HAPPILY EVER AFTER

By Lisa Huddleston

When I was a young girl, my best friend, Marilyn, and I used to sit with crayons and notebook paper and map out a future we called, “Castle in the Clouds.” In that castle, I had a husband who loved me, children (at least 3), dogs, and a sweet homey house. I didn’t plan for riches or great adventures or notable discoveries. I wanted a simple, quiet life. And I got it all, and I lived happily ever after.

Swoosh! Just like that. I met my husband-to-be in high school, started dating him in college, and we married a year into his medical school training. A month after his first paycheck in residency, I was happily expecting baby number one, and numbers 2, 3, and 4 followed like a string of daisies–with number 2 sadly ending unexpectedly in a miscarriage. Despite that heartbreaking disappointment, most things went according to plan. Of course, we had all the typical struggles, but we lived a very happy and very good life. And it flew by faster than I ever could have dreamt.

The only problem I have with all of this is that my plans were very short-sighted. I never considered what the “happily ever after” would contain. In some ways, that makes this time of my life unhindered. I am free to create whatever I choose (short of being young and starting all over.) In many ways, that is wonderful, and I know it seems so to those who are just beginning their journeys and are longing for a day off. But in other ways, it is frightening. What does one do when all her dreams have come true?

She may have to find new dreams, build new castles in new clouds. Oddly enough that seems to have brought me back to parts of myself that were present in the little girl with the crayons, but they never made it on to the paper. Things that I could and still can do all on my own. Like writing things and making things and loving things like dogs and cats and goats! Quiet things that will not make headlines nor win awards, but will still bring joy to my heart and populate my cloud-filled dreams.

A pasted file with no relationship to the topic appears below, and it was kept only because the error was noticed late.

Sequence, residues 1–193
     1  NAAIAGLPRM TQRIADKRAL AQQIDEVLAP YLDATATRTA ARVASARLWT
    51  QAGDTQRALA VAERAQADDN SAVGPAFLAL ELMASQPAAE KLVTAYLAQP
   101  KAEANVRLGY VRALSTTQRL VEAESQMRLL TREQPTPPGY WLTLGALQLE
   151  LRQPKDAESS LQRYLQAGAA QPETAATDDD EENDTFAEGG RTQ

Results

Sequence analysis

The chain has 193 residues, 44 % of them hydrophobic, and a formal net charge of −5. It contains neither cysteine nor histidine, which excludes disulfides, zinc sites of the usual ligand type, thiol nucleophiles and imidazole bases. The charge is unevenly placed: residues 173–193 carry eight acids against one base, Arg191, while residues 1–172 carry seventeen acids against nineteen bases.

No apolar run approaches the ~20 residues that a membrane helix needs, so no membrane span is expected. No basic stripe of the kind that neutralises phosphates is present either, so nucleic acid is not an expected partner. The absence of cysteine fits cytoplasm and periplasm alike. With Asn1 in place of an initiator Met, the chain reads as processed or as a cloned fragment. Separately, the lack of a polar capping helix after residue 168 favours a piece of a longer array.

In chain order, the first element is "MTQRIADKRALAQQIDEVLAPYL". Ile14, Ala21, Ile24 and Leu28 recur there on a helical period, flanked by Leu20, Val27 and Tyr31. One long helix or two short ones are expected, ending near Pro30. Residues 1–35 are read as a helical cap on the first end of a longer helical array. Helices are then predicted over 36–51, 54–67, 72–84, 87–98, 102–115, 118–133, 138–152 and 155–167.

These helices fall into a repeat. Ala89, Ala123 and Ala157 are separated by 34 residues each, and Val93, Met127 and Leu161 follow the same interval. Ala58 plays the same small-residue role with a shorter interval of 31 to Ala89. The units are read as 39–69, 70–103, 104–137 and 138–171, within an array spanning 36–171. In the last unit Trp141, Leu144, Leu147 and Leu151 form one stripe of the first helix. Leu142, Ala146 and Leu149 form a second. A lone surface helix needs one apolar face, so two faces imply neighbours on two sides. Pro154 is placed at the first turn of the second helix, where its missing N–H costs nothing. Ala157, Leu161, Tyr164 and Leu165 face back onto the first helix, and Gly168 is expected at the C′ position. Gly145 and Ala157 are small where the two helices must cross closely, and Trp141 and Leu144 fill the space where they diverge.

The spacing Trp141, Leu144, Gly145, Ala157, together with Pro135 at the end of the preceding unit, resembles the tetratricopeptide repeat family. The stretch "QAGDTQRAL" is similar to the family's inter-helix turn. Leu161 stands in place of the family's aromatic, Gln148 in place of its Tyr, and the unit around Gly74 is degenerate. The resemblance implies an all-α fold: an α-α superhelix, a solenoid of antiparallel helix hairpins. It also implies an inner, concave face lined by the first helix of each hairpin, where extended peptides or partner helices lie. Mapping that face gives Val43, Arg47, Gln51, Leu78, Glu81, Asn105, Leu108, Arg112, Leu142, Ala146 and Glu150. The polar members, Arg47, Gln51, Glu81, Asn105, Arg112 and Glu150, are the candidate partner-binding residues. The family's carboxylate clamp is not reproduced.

Many days I am filled with fear at even the idea of trying to make these dreams come true. What if I can’t protect my goats from coyotes or dogs–even my own dogs? What if I never will be able to learn how to warp properly that creaky floor loom I bought second-hand from a woman who taught herself how to use it (no pressure)? What if my writings never speak truth to another soul and remain forever unnoticed? What if my old dreams were for young dreamers only? I really do struggle to the point of going days even weeks without making even a tiny step forward.

Then there are days and weeks when something nudges me like an elbow in the ribs–it may be Hope but it just may as easily be Despair. I watch three “How to Warp” youTube videos that remind me that people have been weaving their own fabric for centuries. Chuck and I settle on the fence we want for the goats who will be coming as soon as they are weaned–and, yes, people have kept goats for centuries. And I sit down to write a blog post that will be read by at least a few others who will be women my age who are trying to live in the “happily ever after” days of their lives, too.

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3 thoughts on “HAPPILY EVER AFTER

  1. Penni says:

    As always, transparent, thought provoking, and insightful. I know we all have unique stories and journeys, but you write with such familiarity.

  2. Hi, Lisa. Good article. I am reading a book by Joyce Rupp (Dear Heart, Come Home) that’s about midlife spirituality. In it she quotes Jung, who said we have to approach the 2nd half of our lives in a completely different manner than the 1st half. The tools and goals we had then no longer work for us. Rupp describes midlife as one of the richest seasons for spiritual growth (and other types of growth too). Growth can be painful, as you and I have both discovered. We have to redefine what “happily ever after” means. I am thinking about my life beyond work and what I might do. I hope I am given the privilege to retire and do some things I’ve always wanted to do. It’s hard after your kids are grown. Your relationships shift, and while they can be rich, it just seems you’re not needed as much. This is a goal of parenting. My kids try to protect me by not sharing all their worries like they used to. They are fiercely independent, and in a way I’m proud of that, but I also miss getting to listen to them and guiding them to find their answers. It’s all a really challenging stage of life.

    I’m glad you are writing more regularly. That’s a good sign.

    I think of you often.
    Anne

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